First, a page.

Under the circumstances, the present inventors formed a zinc-aluminum pseudo alloy spray coating and subjected it to sealing treatment with a common epoxy resin-type sealing material or chromium-containing sealing material. With the former sealing material, the blistering phenomenon of the spray coating was reduced to some extent, but the same phenomenon still often occurred. With the latter sealing material, it was possible to prevent the blistering phenomenon, but it contains chromium, whereby there was a toxicity problem, and there were additional problems such that the water resistance decreased, and the coating tended to be colored.

In another method, the zinc-aluminum pseudo alloy spray coating was immersed in water to permit self sealing under a mild corrosive environment, whereby no blistering phenomenon of the spray coating occurred, but it took a long time for self sealing. Thus, such a method was not practical.

It is an object of the present invention to solve such problems of the conventional methods for sealing a spray coating and to provide a method for sealing a zinc-aluminum pseudo alloy spray coating, whereby the blistering phenomenon of the spray coating is prevented, and self sealing treatment can be carried out in a short period of time without toxicity or without deteriorating the property such as water resistance.

Another object of the present invention is to provide a sealing material for a metal spray coating, which is useful for such a sealing method.

The present inventors have conducted a research to solve the above problems and as a result, have found that when sealing treatment is carried out with a chromium-free sealing material containing phosphoric acid, the spray coating can be self-sealed in a short period of time without the blistering phenomenon of the spray coating. The present invention has been accomplished on the basis of this discovery.

Thus, the present invention provides a method for sealing a zinc-aluminum pseudo alloy spray coating, which comprises forming a zinc-aluminum pseudo alloy spray coating on a substrate to be spray-coated, and then sealing the surface of the coating with a chromium-free sealing material containing phosphoric acid in an amount of from 0.1 to 7 wt %.

Further, the present invention provides a sealing material for a metal spray coating free from chromium, which comprises phosphoric acid in an amount of from 0.1 to 7 wt % and a cationic emulsion resin or a butyral resin as a binder.

Now, the present invention will be described in detail with reference to the preferred embodiments. "The substrate to be metal spray-coated" (hereinafter referred to simply as the substrate) to be used in the method of the present invention, is not particularly limited. For example, it may be an iron material such as a tin plate, a dull finish steel plate, a cold rolled steel plate, a black skin steel plate, a surface-treated rusted steel plate or a welded steel plate; a non-ferrous metal such as aluminum or zinc; a plastic such as ABS, PPO or a polyvinyl chloride; an inorganic material such as a slate, a calcium silicate plate or concrete; and others such as glass, wood, plywood or an organic resin film (coating film).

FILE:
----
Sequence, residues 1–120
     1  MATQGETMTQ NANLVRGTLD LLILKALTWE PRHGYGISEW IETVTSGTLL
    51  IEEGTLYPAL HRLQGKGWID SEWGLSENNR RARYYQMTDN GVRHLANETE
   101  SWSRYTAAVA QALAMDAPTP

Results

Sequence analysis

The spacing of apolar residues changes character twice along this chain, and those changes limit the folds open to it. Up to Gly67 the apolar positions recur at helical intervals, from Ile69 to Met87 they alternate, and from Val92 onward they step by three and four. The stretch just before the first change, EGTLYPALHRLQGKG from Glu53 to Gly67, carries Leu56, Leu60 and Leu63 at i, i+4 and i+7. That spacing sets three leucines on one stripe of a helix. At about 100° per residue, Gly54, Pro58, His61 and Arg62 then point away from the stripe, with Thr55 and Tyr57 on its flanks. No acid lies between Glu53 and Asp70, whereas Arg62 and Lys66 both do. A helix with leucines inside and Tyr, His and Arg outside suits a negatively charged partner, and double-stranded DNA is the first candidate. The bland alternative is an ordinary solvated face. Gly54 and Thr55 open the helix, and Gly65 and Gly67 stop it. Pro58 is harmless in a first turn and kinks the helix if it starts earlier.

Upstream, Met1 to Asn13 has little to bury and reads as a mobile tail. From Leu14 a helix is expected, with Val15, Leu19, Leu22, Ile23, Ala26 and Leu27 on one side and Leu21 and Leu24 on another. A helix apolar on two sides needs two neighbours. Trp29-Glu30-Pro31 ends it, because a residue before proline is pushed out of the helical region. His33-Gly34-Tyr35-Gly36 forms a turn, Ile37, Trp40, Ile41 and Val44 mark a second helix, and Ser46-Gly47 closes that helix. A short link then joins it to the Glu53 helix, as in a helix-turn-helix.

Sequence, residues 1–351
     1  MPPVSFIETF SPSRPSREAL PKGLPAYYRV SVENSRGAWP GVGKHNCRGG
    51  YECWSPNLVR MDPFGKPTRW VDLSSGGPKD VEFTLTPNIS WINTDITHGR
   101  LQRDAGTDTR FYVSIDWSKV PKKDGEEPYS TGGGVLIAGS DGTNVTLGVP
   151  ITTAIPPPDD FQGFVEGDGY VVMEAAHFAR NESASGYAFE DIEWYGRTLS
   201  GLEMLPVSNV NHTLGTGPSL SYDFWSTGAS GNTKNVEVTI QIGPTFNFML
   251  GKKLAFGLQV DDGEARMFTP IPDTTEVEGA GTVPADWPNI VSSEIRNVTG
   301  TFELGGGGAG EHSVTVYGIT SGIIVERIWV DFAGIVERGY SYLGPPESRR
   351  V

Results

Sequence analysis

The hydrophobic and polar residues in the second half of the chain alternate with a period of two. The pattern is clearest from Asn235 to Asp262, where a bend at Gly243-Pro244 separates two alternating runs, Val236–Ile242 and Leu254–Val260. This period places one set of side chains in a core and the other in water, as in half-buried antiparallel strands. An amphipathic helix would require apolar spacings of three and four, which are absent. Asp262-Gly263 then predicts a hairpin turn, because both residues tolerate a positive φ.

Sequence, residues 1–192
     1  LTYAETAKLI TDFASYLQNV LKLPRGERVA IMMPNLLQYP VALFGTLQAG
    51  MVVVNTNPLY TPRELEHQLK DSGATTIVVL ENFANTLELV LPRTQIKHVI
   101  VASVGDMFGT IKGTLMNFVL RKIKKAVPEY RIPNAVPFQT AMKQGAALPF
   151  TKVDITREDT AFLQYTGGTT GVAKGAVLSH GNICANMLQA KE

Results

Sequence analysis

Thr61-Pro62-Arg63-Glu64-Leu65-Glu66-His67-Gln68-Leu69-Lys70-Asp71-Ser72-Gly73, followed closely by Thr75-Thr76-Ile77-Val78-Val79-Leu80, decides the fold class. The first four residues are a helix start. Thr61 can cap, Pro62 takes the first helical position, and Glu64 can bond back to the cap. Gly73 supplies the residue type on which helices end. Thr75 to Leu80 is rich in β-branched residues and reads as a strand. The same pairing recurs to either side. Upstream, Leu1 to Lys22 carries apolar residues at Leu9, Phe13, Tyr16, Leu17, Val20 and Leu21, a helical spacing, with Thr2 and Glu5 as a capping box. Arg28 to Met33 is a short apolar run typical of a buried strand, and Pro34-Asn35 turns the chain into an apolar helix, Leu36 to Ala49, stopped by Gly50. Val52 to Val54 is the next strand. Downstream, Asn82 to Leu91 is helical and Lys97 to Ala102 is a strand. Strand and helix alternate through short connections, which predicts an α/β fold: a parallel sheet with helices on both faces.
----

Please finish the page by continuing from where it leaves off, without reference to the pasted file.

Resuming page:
In the method of the present invention, it is preferred to roughen the substrate surface to provide anchoring effects, prior to metal spraying, in order to improve the adhesion of the substrate surface with the zinc-aluminum pseudo alloy spray coating.

Roughening of the substrate surface may be carried out by a conventional blast treatment such as sand blast treatment or grid blast treatment. However, such a conventional method has a problem that the working environment tends to be poor due to dusting. Accordingly, in the present invention, it is preferred to roughen the substrate surface by forming a porous primer layer by coating thereon a primer containing insoluble solid particles, as disclosed in e.g. U.S. Pat. No. 4,971,838.

Such a primer contains solvent-insoluble solid particles and a resin used as a binder (hereinafter referred to as a binder resin). The solid particles may, for example, be a metal such as steel, nickel, aluminum, zinc, iron or silicon, or an alloy thereof, or an oxide, a nitride or a carbide thereof. More specifically, the solid particles may, for example, be aluminum oxide, silicon oxide (silica sand), iron oxide, silicon carbide or boron nitride. The particle size of the solid particles is preferably from 5 to 200 μm, more preferably from 30 to 100 μm.

It is preferred to mix the solid particles in a proportion of from 25 to 400 parts by volume (from 20 to 80% as the pigment volume concentration (PVC)), preferably from 65 to 150 parts by volume (from 40 to 60% as the pigment volume concentration (PVC)), per 100 parts by volume of the binder resin. If the amount of the solid particles to the binder resin is less than 25 parts by volume, the resin content tends to be so much that the surface roughness tends to be small, and consequently, the adhesion of the metal spray coating tends to be low. Further, the amount of the resin deposited on the substrate increases, and an insulating coating will be formed. Such is not suitable particularly when the spray coating is used for sacrificial corrosion prevention. On the other hand, if the amount of the solid particles to the resin exceeds 400 parts by volume, the resin content tends to be too small, whereby the bonding strength among the solid particles tends to be weak, and consequently, the adhesive force of the metal spray coating tends to be low.